The next time you are considering buying a new power tool you are very likely to go for a cordless tool. That is not me reading your mind, it is what all those sales and marketing people have been drip-feeding us in our sleep. It may well be true that a cordless is the best choice but as I am about to explain it might not.
I am old enough to remember when cordless tools first came in. The first 7.2-volt battery drill was nothing more than a gutless toy. It was ok for driving in small screws but tt was certainly no match for this Yankee pump-action screwdriver but the fact that most of you have probably never seen one of these shows just how far cordless tools have come in those years.
Cordless tools were not invented for the moon landing, but this is where they first came to the attention of the world.
You may have seen the pictures of the first man on the Moon using a bloody great hammer drill. No wonder people thought the moon landings were fake. There were a couple of blokes bouncing around in helium-filled suits to make it look like they are in zero gravity and just look at that they haven’t even plugged their drill in.
It was just beyond people’s imagination. Landing on the moon and using a drill that you didn’t need to plug in. The pinnacle of man’s achievements. A lot of people think that the cordless drill was invented for moon landings, but it was around before that. you just couldn’t buy them from Home Depot or B&Q as it is in England.
So Nasa already knew there was such a thing as a battery-powered drill but they needed something special so they contacted Black and Decker to help them develop one that would work on the moon.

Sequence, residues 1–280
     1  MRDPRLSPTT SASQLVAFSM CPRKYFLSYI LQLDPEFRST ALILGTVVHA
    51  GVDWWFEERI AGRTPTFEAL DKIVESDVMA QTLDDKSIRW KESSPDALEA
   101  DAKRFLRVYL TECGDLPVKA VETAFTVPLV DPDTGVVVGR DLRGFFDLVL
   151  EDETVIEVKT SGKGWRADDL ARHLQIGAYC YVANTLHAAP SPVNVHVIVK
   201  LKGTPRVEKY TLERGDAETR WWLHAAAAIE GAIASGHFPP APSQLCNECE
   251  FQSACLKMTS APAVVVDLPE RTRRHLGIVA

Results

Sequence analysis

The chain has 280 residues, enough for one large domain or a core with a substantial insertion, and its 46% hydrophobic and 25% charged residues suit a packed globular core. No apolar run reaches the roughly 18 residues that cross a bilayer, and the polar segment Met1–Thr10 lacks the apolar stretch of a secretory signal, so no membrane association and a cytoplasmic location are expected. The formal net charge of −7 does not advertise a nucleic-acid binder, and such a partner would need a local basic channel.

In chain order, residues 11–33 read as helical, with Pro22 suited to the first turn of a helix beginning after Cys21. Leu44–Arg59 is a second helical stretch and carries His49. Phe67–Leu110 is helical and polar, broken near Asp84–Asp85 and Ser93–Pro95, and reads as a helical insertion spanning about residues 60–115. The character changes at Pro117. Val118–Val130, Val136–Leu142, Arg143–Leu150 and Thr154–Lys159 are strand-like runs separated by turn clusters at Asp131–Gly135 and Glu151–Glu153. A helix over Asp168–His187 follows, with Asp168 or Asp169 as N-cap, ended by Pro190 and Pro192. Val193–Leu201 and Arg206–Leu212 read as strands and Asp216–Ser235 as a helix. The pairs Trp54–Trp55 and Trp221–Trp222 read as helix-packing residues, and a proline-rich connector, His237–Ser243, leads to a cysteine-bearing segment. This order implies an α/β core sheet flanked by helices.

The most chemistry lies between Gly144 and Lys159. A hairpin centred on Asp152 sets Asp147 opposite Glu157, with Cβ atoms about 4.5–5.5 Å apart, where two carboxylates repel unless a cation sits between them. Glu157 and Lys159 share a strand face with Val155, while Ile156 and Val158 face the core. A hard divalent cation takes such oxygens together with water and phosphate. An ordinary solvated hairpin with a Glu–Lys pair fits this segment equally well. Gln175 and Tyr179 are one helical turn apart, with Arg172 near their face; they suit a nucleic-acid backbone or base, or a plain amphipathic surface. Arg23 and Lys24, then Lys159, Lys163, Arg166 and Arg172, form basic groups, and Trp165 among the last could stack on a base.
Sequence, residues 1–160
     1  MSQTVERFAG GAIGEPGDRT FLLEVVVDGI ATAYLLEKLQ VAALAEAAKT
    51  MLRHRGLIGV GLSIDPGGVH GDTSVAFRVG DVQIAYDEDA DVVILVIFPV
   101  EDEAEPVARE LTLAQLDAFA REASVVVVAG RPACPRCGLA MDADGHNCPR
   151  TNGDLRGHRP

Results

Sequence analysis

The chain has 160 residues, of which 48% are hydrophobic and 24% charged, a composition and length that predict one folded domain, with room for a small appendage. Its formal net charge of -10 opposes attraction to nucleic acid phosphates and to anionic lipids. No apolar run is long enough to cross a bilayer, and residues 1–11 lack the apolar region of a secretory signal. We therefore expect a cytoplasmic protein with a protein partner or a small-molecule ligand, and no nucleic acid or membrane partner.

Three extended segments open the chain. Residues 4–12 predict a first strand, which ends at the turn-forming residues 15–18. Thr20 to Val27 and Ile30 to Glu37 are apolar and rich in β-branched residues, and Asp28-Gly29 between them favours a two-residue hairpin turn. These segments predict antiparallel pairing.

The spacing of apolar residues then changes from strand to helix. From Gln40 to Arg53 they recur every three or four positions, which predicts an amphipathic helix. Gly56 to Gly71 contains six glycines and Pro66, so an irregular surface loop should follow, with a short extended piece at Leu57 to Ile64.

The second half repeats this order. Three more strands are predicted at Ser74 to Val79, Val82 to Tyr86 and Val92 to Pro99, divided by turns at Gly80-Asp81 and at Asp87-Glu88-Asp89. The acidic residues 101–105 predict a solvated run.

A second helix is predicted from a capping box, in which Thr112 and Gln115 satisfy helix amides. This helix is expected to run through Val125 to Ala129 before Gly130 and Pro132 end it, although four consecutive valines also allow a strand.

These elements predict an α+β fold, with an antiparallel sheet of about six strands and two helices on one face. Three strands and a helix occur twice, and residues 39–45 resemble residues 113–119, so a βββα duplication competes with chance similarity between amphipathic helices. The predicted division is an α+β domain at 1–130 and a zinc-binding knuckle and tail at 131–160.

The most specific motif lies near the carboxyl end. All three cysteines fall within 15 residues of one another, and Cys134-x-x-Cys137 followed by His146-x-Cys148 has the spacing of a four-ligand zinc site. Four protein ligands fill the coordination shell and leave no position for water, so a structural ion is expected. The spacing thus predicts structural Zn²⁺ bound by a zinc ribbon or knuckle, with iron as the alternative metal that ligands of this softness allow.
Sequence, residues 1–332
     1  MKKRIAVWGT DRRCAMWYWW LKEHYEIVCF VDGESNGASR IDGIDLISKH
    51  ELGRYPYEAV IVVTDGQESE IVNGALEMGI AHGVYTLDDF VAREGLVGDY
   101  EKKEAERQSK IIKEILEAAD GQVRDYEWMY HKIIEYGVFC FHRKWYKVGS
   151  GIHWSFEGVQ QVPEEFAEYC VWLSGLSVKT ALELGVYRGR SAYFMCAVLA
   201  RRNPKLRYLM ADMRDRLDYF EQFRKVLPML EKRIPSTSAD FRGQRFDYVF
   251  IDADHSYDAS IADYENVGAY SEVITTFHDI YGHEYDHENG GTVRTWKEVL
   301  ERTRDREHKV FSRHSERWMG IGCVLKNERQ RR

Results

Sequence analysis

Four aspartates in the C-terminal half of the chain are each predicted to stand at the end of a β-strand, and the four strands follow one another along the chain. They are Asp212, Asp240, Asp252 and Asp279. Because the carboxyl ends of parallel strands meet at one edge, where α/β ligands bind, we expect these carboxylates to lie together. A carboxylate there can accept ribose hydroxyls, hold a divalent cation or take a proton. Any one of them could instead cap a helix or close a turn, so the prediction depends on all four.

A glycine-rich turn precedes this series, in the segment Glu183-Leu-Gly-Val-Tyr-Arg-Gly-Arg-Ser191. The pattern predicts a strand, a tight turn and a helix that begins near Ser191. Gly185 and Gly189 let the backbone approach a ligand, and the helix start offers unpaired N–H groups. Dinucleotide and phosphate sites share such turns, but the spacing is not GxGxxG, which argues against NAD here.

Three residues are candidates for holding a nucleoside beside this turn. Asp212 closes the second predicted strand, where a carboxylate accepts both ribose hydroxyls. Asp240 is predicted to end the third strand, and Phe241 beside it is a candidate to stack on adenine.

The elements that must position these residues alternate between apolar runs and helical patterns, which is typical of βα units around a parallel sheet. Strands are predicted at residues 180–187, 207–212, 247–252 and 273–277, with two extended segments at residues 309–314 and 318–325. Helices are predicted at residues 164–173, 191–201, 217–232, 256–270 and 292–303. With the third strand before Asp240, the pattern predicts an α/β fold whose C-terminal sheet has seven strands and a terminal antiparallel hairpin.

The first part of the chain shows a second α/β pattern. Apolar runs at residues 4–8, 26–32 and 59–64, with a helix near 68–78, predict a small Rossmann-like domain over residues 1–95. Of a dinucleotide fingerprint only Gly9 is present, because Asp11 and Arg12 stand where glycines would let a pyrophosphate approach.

Now if you are taking one cordless drill to the moon and you choose a Black and Decker some might call that a brave decision because they were a bit DIY but for Black and Decker it was a result. Their marketing department must have been well…. over the moon ….. but just have a look at that picture of the astronauts using that drill. Try as I might I don’t see the Black and Decker logo on it.
Had these people never watched a James Bond film? Didn’t they understand the concept and value of unsubtle product placement at every opportunity. I mean a few well-placed logos on those pictures that were beamed into every television set on Earth. How much would a deal like that be worth? And why stop there?
Moon Boots by Nike, Space Suit by Pierre Cardin, they could have paid for the whole trip with the advertising revenue and that isn’t including the merch!
But what did the astronauts want a drill for anyway? Bye darling I’m off to the Moon. Have a good trip honey and don’t forget to take your drill.
Well, I can tell you that Neil Armstrong wasn’t going to put up any shelves, which is probably the first act of any colonisation after planting a flag, because he didn’t even take a spirit level. Anyway, the actual drill they took would have been no good for that. It was a core drill for extracting core samples of moon rock so they could take them home and sell ’em on eBay.
Going to the moon? Bring me back a stick of rock. Cut it and it says moon all the way through.
How did they do that?
Actually, while I am talking about NASA’s contribution to cordless technology, even more impressive was the impact wrench that Black and Decker designed with Nasa for the Gemini project. It needed to be able to spin nuts in zero gravity without actually spinning the astronauts around. And that good people is why you can now drive in huge screws one-handed without the impact driver breaking your wrist.
It is all down to kinetics. So, before I get too side-tracked by the wonders of space let’s get back down to Earth.
Houston, we have a problem.
And the problem is that the limitation of cordless tools has always been the battery. They have evolved through NiCad with all its memory issues to Nickel Metal Hydride which is still used on little rechargeable batteries but for other stuff and we have moved onto Li-Ion which gives you more power and a longer run time with less weight, but we are not there yet.